Economy 3 MIN READ

UPDATE 2-Philippine stands pat as Omicron threats loom

December 16, 2021By Reuters

Key rate kept at 2.0%, as unanimously expected in Reuters poll

BSP says new COVID-19 variants pose downside risk to growth

BSP says Fed signal on tapering factored into inflation outlook

Adds comment on Fed signal, economist outlook

By Neil Jerome Morales and Karen Lema

The Philippine central bank kept its policy rate at a record low on Thursday, maintaining support for the economy while uncertainty looms around the new Omicron variant but adding that the inflation environment remains “manageable”.

The Bangko Sentral ng Pilipinas (BSP) kept the rate on the overnight reverse repurchase facility PHCBIR=ECI at 2.0%, as expected by all 22 economists in a Reuters poll, at its last policy meeting this year. nL4N2SU2J5

The BSP also kept rates on its overnight deposit and lending facilities at 1.5% and 2.5%, respectively.

“On balance, the Monetary Board sees enough scope to keep a patient hand on the BSP’s policy levers owing to a manageable inflation environment,” BSP Governor Benjamin Diokno said in a media briefing.

The central bank’s inflation outlook has taken into account market expectations for interest rates globally, said BSP Deputy Governor Francisco Dakila, after the Federal Reserve on Wednesday flagged a long-awaited end to its monetary stimulus next year. nL1N2SZ1G5

The Philippines’ annual inflation rate came in at 4.2% in November, holding above the central bank’s 2%-4% target but the lowest in four months. nP9N2QV010

The central bank expects average inflation to settle at 4.4% this year and fall back within the target range in 2022 and 2023.

The Philippine economy, one of the fastest-growing in Asia before the coronavirus hit, expanded 7.1% year-over-year in the July-September quarter, slower than the previous quarter’s 12% expansion.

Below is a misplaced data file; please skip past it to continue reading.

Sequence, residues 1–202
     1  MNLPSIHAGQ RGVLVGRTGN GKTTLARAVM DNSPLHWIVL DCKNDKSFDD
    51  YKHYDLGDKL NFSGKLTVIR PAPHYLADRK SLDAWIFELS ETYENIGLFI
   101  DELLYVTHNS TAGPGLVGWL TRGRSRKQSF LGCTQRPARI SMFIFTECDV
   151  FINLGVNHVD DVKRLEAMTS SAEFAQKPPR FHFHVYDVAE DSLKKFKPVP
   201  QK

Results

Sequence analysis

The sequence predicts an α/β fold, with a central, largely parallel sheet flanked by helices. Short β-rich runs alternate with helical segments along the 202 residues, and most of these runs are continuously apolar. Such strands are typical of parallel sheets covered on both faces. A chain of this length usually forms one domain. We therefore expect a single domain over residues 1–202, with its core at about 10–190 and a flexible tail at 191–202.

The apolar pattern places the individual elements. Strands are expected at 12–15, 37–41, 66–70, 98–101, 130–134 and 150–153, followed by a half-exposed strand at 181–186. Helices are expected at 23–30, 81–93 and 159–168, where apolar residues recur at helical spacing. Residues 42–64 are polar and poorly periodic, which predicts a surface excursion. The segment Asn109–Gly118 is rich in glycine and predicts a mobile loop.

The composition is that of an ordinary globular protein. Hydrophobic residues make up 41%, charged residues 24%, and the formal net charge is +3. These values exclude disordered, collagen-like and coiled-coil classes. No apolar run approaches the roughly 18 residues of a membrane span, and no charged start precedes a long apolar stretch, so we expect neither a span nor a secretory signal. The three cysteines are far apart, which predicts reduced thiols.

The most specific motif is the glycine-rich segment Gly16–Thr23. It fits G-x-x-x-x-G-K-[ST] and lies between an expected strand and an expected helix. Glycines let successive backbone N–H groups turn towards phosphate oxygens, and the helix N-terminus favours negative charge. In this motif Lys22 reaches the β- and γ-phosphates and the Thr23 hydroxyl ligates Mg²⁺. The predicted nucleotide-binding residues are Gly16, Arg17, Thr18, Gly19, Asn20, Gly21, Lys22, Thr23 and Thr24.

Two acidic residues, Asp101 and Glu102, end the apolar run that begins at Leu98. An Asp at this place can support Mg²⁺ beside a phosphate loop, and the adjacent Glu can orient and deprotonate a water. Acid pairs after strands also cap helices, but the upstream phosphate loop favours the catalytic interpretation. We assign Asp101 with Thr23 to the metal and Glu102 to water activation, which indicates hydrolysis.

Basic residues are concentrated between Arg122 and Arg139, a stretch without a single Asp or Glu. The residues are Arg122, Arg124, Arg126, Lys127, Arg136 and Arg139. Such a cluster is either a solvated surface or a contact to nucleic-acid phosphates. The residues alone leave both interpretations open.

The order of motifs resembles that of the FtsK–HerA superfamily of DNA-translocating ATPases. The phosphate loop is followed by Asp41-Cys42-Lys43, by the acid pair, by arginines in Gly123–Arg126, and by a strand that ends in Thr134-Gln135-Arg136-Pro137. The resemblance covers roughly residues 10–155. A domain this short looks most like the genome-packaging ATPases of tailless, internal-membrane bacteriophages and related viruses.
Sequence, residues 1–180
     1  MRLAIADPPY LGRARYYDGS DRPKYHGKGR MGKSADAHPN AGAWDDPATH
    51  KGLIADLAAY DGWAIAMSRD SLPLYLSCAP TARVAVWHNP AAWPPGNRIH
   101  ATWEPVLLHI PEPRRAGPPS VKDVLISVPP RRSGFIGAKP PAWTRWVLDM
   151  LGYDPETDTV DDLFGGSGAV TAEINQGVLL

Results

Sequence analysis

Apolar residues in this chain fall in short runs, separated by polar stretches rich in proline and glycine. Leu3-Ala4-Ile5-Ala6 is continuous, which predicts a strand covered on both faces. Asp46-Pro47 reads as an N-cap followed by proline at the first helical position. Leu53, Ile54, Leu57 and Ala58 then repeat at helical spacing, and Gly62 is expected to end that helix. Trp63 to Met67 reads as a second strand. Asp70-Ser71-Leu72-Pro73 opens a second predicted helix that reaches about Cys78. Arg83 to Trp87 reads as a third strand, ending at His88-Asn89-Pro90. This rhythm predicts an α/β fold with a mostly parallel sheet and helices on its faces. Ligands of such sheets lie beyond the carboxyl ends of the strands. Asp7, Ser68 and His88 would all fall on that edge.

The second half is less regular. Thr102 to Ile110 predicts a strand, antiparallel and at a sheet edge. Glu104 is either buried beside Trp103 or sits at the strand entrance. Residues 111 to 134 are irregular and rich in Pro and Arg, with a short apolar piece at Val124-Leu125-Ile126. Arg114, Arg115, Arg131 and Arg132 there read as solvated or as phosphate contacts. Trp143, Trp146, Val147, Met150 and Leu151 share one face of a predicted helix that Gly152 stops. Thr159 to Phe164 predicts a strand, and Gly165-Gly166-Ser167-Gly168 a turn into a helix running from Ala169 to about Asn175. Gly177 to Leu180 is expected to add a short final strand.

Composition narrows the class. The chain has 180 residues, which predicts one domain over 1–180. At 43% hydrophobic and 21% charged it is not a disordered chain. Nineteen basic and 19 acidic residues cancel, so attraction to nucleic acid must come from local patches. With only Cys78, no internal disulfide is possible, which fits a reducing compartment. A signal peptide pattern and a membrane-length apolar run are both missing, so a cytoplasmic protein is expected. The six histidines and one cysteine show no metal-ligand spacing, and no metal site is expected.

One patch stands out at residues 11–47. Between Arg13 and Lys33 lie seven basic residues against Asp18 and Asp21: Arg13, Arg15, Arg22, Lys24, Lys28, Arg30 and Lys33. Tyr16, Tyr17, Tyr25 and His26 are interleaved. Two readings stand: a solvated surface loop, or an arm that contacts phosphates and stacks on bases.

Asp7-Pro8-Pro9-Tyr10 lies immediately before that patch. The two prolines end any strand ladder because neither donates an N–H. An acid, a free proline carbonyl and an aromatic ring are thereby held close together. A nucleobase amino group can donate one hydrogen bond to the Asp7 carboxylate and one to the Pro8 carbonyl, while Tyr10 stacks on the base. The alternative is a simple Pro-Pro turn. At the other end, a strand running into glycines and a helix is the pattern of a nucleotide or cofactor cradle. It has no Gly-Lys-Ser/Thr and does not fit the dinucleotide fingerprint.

But a further easing of COVID-related restrictions is expected to support growth in the final quarter of this year, prompting the government earlier this week to upgrade its 2021 growth target. nL1N2S003Q nL1N2SZ0LP

Yet Diokno said new COVID-19 variants pose downside risks to the economy.

“Hence, preserving ongoing monetary policy support at this juncture shall help sustain the economy’s momentum over the next few quarters,” he said.

Economists in a recent Reuters poll expected the BSP would raise rates in the fourth quarter of 2022, slighly earlier than the median forecast of early 2023 in a survey last month. nL4N2SU2J5

Gareth Leather, senior Asia economist at Capital Economics, said the BSP may keep rates on hold throughout 2022, highlighting the risk from Omicron.

“The Philippines is more vulnerable than most other countries in the region to the spread of Omicron because of its low vaccination rate,” he said.

(Reporting by Neil Jerome Morales, Karen Lema and Enrico Dela Cruz; Editing by Ana Nicolaci da Costa and Edmund Klamann)


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